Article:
Landlord wins appeal over tenant’s breaches of agreement
A landlord has won its appeal against a court ruling that a man who had made alterations to his flat and upset neighbours had not breached his tenancy agreement.
The case involved a tenant who suffered with a paranoid personality disorder. He moved into the flat with his two dogs.
He made various changes to the property, including alterations to the gas flue and kitchen, installing CCTV and fencing the garden. He believed he had permission to carry out these changes.
The landlord received complaints from the neighbouring tenants about loud music and dog fouling.
It served notice seeking possession on the basis that the alterations and the nuisance caused to neighbours breached the tenancy agreement.
The judge found that the tenant did not have permission to make the adjustments to the property, but his honest belief that he did, meant that they did not qualify as a “relevant breach” of the agreement.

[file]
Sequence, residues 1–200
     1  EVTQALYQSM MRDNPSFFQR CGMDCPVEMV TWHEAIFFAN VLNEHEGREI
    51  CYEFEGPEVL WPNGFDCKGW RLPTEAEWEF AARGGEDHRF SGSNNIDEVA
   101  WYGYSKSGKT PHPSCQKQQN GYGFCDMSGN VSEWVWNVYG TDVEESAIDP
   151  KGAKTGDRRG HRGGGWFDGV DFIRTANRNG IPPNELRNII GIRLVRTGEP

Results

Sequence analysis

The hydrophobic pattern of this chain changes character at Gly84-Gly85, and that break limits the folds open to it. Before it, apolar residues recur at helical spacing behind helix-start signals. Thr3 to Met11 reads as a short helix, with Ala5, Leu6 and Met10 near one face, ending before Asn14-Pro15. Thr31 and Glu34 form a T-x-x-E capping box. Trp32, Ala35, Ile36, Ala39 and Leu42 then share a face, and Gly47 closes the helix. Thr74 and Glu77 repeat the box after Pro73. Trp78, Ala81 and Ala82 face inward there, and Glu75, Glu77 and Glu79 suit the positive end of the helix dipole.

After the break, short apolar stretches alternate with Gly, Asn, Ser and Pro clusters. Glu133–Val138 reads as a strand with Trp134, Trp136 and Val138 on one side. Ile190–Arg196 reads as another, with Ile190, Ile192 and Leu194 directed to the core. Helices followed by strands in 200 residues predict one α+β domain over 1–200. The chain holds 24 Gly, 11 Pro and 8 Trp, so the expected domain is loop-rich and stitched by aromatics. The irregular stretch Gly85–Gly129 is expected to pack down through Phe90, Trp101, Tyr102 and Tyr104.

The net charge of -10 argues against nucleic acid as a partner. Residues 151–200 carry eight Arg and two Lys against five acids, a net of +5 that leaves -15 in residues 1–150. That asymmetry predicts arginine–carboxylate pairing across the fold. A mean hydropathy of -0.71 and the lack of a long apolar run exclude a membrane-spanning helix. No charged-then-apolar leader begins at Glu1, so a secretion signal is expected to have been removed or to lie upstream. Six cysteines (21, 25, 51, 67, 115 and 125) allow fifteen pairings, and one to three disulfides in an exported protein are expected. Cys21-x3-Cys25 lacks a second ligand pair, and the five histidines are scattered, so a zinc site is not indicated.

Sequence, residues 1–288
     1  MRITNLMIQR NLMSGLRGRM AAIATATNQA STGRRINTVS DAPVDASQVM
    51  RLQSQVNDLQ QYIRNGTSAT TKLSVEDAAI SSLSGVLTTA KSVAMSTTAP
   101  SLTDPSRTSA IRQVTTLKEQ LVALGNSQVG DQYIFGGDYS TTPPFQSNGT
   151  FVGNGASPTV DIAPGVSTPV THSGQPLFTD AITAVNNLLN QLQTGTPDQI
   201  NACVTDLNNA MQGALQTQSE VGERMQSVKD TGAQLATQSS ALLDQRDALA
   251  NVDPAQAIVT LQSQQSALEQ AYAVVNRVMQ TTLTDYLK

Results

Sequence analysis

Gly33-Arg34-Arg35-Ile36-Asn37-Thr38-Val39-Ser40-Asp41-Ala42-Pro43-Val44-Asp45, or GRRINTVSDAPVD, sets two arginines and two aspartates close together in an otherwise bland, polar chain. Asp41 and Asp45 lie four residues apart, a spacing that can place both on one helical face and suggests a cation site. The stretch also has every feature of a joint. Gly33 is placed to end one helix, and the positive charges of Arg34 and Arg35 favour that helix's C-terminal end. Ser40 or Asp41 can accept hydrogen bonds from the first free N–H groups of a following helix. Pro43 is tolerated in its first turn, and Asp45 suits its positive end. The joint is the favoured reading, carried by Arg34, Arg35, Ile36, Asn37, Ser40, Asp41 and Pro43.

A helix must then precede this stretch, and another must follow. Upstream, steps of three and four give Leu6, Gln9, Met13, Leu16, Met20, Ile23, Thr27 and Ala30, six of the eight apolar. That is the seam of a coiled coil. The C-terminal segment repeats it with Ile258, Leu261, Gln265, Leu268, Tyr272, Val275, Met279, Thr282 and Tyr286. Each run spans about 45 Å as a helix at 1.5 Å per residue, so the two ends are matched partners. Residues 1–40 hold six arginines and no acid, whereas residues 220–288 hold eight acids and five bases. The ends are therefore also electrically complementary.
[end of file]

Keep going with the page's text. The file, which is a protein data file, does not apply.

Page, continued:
He also found that the dog fouling and the tenant's "aggressive, threatening and intimidating"
behaviour were not relevant breaches. He dismissed the evidence relating to the loud music.
He ruled that although there was evidence of some limited breaches, it would not be reasonable to order possession.
The case went to the Court of Appeal, which ruled in favour of the landlord. It held that the tenant’s belief that he was entitled to carry out alterations was not a defence to a claim for a breach of the tenancy agreement.
The judge had failed to make sufficient findings of fact and so the landlord’s possession claim was remitted for retrial.
Please contact Janice Young if you would like more information about the issues raised in this article, or any aspect of property law.